Swayamvara (Keep Reading)

When I was young I learned about ancient Indian myths through a very important method--comic books. I will elaborate more on Amar Chitra Katha at later date, when I am more competent. But that is where I learned about the practice in ancient India of swayamvara--an excellent practice that should be revived. It goes something like this:

A king decides that it is time for his daughter to choose a husband. He invites all the most eligible princes and kings in the neighborhood to come over to his palace and compete for the princess's hand in marriage. Sometimes there were feats of strength or wit or military prowess. Sometimes they just hung out and schmoozed, and the princess never even saw them. Eventually, they were all lined up in the long grand hall (all palaces have at least one Grand Hall) and the princess entered with a garland. She would throw the garland around the neck of the king she would marry.

Now, while this may not be logical in this day and age, there is something rather delicious in getting a group of men to compete for you. I think this is every woman's secret fantasy on some level, and it transcends culture. The ancient Greeks competed for Helen of Troy, for example, and men have dueled for ladies (and ladies have liked it) for centuries. But there's an intrinsic problem with the idea--it's still really a man's game. The father picks the men who get to come, all the tests are masculine ones (which may not be of any interest to a princess) and most of the time, it's resolved according to strength of army, size of coffers, political nicety and diplomacy, rather than love or attraction.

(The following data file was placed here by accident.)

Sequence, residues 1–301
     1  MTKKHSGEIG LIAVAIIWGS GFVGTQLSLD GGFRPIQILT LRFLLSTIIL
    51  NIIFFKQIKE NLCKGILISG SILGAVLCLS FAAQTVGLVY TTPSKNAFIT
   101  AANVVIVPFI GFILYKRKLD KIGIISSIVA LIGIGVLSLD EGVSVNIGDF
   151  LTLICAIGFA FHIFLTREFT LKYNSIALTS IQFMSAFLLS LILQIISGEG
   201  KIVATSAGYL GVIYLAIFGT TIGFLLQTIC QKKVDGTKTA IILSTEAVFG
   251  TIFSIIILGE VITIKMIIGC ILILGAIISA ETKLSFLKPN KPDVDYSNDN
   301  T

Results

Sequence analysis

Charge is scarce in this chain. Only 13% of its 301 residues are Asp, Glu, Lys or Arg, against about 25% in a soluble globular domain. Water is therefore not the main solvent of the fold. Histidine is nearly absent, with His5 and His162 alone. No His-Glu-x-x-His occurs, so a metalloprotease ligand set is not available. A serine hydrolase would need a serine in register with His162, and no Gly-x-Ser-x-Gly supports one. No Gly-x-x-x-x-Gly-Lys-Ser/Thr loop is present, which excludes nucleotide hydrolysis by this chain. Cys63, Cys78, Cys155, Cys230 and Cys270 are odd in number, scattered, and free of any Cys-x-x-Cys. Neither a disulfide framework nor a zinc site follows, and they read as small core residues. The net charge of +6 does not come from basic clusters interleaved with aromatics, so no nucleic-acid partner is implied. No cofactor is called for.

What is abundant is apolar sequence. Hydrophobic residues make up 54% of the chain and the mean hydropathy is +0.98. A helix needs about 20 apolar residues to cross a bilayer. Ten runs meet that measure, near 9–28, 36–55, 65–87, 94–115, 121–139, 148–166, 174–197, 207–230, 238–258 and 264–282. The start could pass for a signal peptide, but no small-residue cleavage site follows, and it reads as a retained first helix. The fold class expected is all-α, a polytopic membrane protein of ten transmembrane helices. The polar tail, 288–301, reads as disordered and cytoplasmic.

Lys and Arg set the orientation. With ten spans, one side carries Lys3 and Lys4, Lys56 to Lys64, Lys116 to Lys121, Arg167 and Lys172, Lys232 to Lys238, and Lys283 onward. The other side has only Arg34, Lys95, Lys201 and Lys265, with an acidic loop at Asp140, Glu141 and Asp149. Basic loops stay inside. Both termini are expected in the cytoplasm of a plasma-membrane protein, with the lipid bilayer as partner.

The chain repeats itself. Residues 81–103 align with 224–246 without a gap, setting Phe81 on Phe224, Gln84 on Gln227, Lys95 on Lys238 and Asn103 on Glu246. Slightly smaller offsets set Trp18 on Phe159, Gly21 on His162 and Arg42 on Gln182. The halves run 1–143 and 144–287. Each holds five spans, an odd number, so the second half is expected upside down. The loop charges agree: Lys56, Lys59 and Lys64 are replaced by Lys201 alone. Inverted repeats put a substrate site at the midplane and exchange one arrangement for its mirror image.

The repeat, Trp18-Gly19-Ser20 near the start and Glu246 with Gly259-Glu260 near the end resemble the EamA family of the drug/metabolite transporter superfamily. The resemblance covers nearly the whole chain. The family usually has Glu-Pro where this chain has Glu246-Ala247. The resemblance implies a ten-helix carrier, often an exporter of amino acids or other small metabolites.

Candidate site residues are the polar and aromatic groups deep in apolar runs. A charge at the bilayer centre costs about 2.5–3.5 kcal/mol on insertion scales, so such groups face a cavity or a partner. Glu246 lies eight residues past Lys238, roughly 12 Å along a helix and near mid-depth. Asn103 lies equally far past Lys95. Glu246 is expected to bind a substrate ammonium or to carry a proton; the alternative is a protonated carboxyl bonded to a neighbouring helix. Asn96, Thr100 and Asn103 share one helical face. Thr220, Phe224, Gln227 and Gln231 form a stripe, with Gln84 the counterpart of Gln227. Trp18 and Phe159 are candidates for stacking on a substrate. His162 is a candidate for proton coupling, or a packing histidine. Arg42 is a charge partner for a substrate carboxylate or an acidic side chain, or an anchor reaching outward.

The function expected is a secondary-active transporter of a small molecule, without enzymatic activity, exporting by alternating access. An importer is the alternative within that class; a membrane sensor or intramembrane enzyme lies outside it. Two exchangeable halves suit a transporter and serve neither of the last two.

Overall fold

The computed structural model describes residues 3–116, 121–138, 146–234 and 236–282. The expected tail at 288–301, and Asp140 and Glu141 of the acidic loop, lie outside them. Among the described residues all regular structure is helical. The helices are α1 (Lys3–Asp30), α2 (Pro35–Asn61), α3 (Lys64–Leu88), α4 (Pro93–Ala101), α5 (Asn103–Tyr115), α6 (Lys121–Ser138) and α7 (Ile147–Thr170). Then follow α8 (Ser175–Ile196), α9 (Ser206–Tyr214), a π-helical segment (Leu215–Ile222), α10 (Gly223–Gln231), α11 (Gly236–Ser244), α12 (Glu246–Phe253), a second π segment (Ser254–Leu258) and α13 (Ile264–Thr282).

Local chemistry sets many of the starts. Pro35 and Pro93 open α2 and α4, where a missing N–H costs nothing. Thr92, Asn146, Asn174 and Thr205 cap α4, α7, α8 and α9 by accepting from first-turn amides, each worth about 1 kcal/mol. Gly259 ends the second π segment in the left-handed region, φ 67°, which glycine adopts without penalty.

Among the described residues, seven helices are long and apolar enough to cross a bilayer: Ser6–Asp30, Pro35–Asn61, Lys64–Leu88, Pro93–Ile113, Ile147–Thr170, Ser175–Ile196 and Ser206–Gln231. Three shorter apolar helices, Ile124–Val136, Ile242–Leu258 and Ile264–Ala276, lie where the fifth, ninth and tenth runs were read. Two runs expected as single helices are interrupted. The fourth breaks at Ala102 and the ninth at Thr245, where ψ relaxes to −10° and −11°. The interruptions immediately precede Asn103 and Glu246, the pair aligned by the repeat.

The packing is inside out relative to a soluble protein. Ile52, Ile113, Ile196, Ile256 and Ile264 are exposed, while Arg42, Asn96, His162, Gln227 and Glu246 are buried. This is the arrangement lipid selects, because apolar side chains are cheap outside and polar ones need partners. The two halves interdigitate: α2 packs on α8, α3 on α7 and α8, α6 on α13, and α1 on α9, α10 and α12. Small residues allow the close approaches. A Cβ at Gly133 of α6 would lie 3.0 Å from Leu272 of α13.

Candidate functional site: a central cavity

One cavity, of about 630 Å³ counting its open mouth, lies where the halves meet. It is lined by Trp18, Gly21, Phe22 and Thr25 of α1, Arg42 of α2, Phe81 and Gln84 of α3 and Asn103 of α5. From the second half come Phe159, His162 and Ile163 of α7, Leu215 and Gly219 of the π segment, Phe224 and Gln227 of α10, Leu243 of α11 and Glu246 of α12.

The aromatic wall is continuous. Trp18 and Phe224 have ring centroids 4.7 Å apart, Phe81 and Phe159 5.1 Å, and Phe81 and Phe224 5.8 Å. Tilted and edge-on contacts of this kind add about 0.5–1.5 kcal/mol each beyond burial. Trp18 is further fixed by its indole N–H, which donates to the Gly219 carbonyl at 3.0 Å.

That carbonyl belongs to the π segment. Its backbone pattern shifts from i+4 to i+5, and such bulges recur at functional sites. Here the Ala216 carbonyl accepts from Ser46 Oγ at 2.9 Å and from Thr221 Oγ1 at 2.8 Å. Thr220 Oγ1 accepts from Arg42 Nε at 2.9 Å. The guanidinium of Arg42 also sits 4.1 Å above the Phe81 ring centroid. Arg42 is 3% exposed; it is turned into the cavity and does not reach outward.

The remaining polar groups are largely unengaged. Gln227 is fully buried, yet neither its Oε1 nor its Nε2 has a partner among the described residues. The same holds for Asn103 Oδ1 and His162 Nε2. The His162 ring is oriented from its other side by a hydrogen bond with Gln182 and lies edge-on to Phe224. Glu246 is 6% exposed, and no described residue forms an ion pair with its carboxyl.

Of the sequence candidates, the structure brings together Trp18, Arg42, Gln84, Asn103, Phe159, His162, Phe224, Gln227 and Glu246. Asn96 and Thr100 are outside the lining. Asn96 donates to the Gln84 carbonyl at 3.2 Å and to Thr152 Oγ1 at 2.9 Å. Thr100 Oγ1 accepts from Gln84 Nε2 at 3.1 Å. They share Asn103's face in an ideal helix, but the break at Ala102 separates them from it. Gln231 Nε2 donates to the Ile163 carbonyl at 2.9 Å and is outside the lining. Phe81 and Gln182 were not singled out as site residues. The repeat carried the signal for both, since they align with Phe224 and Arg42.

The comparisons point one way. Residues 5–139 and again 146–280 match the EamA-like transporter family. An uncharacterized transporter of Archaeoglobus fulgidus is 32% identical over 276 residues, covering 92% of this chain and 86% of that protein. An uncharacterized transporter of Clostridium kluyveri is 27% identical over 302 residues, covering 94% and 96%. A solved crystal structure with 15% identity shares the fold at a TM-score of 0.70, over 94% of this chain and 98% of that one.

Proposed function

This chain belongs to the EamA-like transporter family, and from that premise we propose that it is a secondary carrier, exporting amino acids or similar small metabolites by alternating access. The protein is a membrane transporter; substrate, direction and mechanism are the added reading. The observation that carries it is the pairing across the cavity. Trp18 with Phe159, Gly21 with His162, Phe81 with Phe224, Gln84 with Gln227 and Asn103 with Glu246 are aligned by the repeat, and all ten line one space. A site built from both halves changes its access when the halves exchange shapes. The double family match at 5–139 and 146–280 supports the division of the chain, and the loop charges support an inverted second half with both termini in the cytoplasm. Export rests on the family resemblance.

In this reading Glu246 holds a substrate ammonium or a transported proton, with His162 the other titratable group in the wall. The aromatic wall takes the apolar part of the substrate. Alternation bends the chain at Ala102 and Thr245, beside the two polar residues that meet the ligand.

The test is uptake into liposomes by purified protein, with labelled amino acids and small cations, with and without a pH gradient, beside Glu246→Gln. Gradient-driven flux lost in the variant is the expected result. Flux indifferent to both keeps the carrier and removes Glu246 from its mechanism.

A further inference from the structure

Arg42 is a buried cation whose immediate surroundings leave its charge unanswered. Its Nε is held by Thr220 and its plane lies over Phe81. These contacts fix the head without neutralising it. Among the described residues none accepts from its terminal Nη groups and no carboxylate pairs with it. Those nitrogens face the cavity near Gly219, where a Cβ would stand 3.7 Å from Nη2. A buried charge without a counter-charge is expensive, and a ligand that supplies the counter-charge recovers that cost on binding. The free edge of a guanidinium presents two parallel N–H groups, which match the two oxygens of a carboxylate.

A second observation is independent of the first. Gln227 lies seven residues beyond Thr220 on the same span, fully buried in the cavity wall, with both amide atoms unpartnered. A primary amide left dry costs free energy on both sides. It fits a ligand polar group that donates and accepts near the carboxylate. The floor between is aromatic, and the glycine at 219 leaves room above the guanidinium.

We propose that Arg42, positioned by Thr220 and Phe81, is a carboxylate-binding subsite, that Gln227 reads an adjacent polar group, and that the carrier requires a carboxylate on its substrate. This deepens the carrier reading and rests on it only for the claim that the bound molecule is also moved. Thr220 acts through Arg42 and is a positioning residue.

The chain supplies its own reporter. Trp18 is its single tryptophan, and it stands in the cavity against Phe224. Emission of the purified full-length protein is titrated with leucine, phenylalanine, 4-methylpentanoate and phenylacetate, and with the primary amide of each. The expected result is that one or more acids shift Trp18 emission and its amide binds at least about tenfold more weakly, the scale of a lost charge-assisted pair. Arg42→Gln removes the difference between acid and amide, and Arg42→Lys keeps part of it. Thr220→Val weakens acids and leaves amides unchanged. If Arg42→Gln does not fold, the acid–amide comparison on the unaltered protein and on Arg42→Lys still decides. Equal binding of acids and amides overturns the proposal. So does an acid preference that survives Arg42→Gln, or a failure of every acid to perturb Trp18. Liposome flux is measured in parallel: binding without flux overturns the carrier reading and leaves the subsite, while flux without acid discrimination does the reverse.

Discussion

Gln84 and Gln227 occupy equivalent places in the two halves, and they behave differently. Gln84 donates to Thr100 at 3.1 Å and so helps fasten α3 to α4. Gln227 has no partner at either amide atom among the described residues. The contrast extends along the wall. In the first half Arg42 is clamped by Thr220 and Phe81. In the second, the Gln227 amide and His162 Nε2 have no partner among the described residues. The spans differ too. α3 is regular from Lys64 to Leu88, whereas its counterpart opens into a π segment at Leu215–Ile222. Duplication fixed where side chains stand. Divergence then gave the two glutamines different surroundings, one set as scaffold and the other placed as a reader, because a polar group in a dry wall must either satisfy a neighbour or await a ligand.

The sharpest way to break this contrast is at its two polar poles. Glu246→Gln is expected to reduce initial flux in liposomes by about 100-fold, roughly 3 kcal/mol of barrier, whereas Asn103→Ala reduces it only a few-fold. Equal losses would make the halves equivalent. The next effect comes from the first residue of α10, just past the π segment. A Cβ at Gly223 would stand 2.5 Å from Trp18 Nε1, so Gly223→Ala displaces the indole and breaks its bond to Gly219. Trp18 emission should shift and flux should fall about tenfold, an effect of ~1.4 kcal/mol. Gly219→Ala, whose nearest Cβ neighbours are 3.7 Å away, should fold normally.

Enter Jerry Hall. Yes, another Jerry Hall blog entry. This, my friends is the reason that I am obsessed with this show. Apart from having great fun at humiliating a bunch of pretty boys, she is conducting her own little swayamvara, having a ball at waxing them down, dressing them up, parading them around until she gets them the way that she likes them. For Jerry Hall, an essential test is how a man looks in a Speedo--or, at least, as naked as possible. In every episode, she has managed to strip them to near-nudity, with virtually no logic behind it. Now the speedo nor the humilation would not be one of my tests. Maybe I'd have him fix a car or shoot some pool. Cook Indian food. Or something useful, like build the perfect litter box or help me balance my checkbook.

Anyway, I admire her insight into what she needs: a buff, hairless, Vivienne Westwood-wearing, 20-something man who photographs well and is groomed like a member of a boy band. Good for her. Her only problem seems to be the fact that she only gets to keep one.

But, hey, if she's bringing back the practice of swayamvara, I'm all for it.